Grassroots Commentary

Elections, Reflections and Directions

John Brown · Nov. 6, 2012

While reading the news and opinion pages, I am infused with a great feeling of hope. A feeling that Romney can actually win this thing and, though he is not the ideal candidate, he represents a distinct departure from the semi-Constitutional, socialist-leaning administration of Barack Hussein Obama. Is he an unknown quantity? Far less so than Obama, whom the MSM did not properly vet way back when. Once they saw a black man running for President and that he was “clean and articulate” (according to Joe Biden), he quickly became their darling. He caused young voters to swoon in the woozy promise of hope and change. He caused a loudmouthed, combative, wannabe journalist to experience a tingle in his leg; what was that really all about, Chris? Obama mesmerized and hypnotized those in search of a political messiah; someone to lead us out of the “cowboy wilderness” of George W. Bush. Obama was the right man for the right time with just the right message and charisma. He was to lead us into a new post-racial era of hope and change. Liberals went weak in the knees at the thought of electing the first black president. What better way to assuage their long-standing guilt?

Those of us from Chicago, however, knew him as a very liberal neophyte who was charming and gave a good speech, but had no record to speak of … either as a state senator and later, as a US Senator. He was absent almost as much as he bothered to show up in the Senate chamber. He was a product of the powerful Chicago Democratic machine with no background and no experience besides his community organizing. And what is a community organizer any way? A rabble rouser? An activist? How do you measure his performance? And against what standard? And who has written the book for community organizers? Oh, yes, I remember now … Saul Alinsky, wasn’t it? My friend and I drank endless cups of coffee while pondering how this empty suit might actually become President. To get elected he actually fooled all the people at just the right time.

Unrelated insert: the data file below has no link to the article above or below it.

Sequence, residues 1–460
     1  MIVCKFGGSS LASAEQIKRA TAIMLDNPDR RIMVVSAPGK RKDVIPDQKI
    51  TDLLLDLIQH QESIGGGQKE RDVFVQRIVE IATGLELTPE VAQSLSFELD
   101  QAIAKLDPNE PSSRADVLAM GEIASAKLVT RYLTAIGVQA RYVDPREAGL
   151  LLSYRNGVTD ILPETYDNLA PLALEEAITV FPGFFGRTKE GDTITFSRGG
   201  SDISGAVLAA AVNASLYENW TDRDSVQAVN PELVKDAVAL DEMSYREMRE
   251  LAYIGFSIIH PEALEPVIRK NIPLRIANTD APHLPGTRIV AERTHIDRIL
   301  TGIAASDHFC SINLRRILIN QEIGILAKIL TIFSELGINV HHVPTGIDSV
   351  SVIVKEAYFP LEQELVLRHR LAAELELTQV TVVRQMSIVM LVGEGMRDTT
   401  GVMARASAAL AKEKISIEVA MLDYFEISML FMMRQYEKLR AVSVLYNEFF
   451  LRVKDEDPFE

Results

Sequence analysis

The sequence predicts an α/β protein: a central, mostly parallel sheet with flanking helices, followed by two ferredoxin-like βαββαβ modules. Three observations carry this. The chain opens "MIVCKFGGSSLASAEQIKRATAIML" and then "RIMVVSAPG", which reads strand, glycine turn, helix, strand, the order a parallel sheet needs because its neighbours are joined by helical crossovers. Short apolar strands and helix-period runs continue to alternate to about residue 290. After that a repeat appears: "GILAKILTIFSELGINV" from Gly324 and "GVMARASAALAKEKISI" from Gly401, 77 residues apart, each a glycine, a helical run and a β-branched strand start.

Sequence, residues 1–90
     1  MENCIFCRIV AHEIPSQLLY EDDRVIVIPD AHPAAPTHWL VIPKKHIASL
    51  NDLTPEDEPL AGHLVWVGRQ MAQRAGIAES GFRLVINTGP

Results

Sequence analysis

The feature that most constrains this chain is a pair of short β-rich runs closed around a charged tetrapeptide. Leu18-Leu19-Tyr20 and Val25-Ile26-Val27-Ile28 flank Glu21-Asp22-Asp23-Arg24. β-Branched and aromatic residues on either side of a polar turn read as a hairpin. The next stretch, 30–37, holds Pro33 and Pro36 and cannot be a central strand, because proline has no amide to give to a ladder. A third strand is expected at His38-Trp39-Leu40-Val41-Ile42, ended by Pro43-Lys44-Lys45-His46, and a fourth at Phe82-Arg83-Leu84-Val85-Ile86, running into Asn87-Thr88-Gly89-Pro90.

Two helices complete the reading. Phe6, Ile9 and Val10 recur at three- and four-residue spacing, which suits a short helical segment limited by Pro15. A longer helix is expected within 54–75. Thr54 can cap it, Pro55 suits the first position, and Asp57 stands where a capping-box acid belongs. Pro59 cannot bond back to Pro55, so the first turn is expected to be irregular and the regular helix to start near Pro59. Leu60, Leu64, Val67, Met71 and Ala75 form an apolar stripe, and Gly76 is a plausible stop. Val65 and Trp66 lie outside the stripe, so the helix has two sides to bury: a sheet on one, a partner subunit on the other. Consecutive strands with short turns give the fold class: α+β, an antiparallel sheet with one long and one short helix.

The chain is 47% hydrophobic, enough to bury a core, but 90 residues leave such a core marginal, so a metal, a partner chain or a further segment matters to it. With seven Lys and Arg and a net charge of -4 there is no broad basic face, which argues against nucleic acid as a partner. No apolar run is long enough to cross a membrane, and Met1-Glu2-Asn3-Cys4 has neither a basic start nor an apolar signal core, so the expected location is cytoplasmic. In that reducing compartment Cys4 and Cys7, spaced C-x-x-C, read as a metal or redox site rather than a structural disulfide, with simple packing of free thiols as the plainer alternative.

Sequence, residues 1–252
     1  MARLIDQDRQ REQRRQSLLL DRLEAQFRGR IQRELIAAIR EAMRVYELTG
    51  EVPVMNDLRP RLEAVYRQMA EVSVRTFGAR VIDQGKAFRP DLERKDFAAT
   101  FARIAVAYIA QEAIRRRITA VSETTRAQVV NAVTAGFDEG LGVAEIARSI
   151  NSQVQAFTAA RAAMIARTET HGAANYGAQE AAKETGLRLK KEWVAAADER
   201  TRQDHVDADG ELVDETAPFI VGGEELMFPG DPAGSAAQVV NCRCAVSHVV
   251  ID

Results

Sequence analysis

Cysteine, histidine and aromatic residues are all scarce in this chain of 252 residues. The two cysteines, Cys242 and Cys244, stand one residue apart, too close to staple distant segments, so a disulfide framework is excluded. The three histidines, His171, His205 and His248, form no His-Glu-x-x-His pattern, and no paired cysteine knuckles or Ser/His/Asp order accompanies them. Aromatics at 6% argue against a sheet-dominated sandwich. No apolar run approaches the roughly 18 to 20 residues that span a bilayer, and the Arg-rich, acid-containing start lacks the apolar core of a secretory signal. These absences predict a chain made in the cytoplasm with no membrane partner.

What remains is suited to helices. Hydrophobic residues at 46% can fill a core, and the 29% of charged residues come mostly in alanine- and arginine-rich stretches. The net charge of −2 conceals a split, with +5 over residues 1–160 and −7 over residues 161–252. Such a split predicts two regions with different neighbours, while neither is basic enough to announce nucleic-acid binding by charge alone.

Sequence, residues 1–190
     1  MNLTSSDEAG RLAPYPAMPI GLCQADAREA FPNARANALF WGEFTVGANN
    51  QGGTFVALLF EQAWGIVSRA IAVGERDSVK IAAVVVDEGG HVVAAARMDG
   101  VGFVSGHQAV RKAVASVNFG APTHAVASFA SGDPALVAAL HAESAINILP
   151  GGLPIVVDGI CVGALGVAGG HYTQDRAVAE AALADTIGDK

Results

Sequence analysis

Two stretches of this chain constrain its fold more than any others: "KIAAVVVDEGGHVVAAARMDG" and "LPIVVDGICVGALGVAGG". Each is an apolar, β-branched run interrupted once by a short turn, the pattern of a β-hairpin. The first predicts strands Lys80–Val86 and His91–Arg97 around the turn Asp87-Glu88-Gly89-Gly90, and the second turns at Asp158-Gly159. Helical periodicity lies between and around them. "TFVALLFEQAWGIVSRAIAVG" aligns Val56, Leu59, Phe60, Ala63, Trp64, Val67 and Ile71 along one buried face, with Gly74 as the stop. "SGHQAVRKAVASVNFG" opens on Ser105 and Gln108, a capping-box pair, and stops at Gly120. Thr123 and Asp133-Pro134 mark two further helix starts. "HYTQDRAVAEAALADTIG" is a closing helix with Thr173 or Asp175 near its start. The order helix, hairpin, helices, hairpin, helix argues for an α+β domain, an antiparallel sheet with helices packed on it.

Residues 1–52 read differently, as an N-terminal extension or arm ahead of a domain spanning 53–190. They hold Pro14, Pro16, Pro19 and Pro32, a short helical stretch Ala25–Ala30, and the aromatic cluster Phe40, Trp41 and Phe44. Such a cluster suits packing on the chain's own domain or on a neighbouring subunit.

He had no record or experience to run on then and he has no record to run on now. Is Gitmo closed? No. Has Khalid Sheikh Muhammed been in a court room lately? No. Did we win in Afghanistan and depart as heroes? No. Did we emerge from Iraq victorious? No. With nothing accomplished that he can tout, we’ve seen one of the most vicious negative campaigns in history.

Oh, but we do have $16 trillion in debt, 23 million people without jobs or under-employed, and a one party established, government-run healthcare program that still leaves millions uncovered. Can you say “governing against the will of the people?”

For those of you who don’t like Mitt Romney for whatever reason, I think you have to admit one simple fact about this election: we definitely know what we’re getting with Obama … more uncontrolled spending (hell, it’s only money – we’ll print more!), less jobs, more inflation, higher gas prices, more czars. Maybe you are okay with that and with more big government, because that is the essence of Obama and the Democrat party; I am not okay with that. The Democrat party sees the Constitution as a hindrance to “proper” governance. I believe Democrats stand in the way of growth, the expansion of opportunity and the realization of the American dream. They just want us all living somewhere in their entitlement plantation.

With Romney, as with any candidate, we can’t be 100% sure what he’ll do. After all, death and taxes are the only things we are materially assured of. However, we can be reasonably sure his administration will be different in tone and character from the current one. We know that Romney has had a very enviable business career and he didn’t do too badly running the Olympics or as governor of Massachusetts, either. Was Mitt my first choice as a candidate? Not really. It wasn’t until the first debate that he stepped forward confidently and showed us who he was. He couldn’t have drawn a clearer contrast between himself and President Obama. As someone with private sector business experience, he is someone I can relate to. He is certainly not the perfect candidate, but he’s lived a clean and pretty transparent life, unlike our current President. I think I’ll cast my lot with the new guy because I like his values, his ideas and, as Dennis Miller pointedly says, I like the cut of his jib.